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Anthony WaltonD'Antonio's narrative strikes an admirable balance between the larger social context and scientific theories -- ''most troubling . . . is that it all began with a grand desire to do good'' -- and the children's lived experience … The rebellion of the state boys was less an isolated act -- though D'Antonio narrates the residents' climactic takeover of one building and the fateful consequences for those involved -- than a way of being. Despite the inhumane conditions in which they lived, the state boys, through countless small acts of self-assertion, and through the enduring friendships they formed with one another, refused to accept the state's categorization of them as anything less than fully human.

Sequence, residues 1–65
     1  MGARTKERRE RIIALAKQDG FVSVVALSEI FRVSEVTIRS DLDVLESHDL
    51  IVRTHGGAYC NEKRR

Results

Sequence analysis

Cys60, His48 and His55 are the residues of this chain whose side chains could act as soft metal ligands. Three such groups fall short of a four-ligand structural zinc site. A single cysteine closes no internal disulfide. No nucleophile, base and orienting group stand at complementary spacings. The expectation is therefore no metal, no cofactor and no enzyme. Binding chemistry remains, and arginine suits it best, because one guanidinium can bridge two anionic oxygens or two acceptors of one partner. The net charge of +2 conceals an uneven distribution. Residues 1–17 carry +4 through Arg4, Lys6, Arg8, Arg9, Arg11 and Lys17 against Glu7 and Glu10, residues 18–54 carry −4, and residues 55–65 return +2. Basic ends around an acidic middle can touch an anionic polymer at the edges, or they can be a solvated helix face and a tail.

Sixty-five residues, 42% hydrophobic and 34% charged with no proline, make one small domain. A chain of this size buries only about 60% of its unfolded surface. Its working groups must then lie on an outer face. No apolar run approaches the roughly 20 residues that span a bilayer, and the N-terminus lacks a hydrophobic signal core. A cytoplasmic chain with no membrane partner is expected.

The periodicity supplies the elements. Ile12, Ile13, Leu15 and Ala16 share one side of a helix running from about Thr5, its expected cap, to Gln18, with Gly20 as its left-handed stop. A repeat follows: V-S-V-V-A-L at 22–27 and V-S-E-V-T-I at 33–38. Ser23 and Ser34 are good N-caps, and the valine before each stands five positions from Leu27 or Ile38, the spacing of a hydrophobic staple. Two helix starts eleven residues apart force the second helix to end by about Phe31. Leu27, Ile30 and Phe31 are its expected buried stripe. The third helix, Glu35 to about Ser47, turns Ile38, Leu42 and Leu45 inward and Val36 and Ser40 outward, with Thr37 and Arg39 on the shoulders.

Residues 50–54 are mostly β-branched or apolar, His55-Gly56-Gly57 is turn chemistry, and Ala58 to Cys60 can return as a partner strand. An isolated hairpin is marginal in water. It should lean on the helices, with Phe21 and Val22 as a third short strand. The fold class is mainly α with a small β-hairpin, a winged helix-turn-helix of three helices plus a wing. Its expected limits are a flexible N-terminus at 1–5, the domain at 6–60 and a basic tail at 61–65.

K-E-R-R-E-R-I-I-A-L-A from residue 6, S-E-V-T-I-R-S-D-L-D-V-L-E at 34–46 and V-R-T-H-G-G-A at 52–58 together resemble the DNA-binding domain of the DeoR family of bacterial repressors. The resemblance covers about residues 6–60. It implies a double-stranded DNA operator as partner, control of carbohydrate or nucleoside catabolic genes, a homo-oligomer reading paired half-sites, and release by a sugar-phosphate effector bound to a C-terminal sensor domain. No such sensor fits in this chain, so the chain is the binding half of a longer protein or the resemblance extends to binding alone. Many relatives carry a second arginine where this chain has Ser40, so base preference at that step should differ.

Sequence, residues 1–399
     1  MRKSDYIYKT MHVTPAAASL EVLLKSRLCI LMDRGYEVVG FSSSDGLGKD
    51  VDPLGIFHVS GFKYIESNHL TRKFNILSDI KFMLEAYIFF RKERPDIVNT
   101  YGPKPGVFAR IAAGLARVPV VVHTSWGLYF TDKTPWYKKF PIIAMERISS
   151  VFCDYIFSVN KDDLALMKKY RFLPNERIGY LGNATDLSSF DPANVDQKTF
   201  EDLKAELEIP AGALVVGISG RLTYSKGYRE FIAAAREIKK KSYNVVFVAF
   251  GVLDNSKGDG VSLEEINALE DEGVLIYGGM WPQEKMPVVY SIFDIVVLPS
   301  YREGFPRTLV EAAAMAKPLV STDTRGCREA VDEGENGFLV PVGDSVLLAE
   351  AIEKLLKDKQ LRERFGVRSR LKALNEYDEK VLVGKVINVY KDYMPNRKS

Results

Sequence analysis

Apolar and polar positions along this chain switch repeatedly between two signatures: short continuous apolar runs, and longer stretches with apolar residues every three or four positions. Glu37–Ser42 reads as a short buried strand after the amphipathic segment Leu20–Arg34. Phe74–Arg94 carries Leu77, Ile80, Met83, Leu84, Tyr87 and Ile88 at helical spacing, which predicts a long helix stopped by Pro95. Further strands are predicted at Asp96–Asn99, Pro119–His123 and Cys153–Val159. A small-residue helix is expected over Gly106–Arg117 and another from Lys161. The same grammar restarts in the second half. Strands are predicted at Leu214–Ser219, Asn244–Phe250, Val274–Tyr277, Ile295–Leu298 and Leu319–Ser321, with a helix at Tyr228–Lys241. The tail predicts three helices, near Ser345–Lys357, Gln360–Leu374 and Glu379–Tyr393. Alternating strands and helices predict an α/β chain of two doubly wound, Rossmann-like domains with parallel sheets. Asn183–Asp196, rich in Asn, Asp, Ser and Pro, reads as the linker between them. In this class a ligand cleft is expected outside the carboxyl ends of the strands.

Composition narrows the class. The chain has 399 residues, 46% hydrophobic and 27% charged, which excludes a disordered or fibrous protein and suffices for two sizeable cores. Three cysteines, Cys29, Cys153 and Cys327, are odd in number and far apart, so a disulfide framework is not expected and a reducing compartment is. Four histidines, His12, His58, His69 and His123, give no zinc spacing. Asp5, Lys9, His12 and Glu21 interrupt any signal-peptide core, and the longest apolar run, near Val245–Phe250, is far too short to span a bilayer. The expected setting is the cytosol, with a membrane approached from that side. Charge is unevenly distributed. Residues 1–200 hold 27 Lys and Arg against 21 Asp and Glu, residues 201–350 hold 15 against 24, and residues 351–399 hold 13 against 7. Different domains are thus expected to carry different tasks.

— The New York Times